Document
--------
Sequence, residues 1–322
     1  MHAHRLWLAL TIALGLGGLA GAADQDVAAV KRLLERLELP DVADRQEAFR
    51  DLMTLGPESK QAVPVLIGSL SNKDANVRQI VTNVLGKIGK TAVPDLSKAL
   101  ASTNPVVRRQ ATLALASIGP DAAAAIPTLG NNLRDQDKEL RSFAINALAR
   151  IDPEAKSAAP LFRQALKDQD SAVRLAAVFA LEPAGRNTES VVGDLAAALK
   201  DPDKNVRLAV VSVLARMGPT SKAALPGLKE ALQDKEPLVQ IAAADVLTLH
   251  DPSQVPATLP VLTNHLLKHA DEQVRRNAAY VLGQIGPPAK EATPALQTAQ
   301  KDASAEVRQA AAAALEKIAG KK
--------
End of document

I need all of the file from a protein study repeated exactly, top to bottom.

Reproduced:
Sequence, residues 1–322
     1  MHAHRLWLAL TIALGLGGLA GAADQDVAAV KRLLERLELP DVADRQEAFR
    51  DLMTLGPESK QAVPVLIGSL SNKDANVRQI VTNVLGKIGK TAVPDLSKAL
   101  ASTNPVVRRQ ATLALASIGP DAAAAIPTLG NNLRDQDKEL RSFAINALAR
   151  IDPEAKSAAP LFRQALKDQD SAVRLAAVFA LEPAGRNTES VVGDLAAALK
   201  DPDKNVRLAV VSVLARMGPT SKAALPGLKE ALQDKEPLVQ IAAADVLTLH
   251  DPSQVPATLP VLTNHLLKHA DEQVRRNAAY VLGQIGPPAK EATPALQTAQ
   301  KDASAEVRQA AAAALEKIAG KK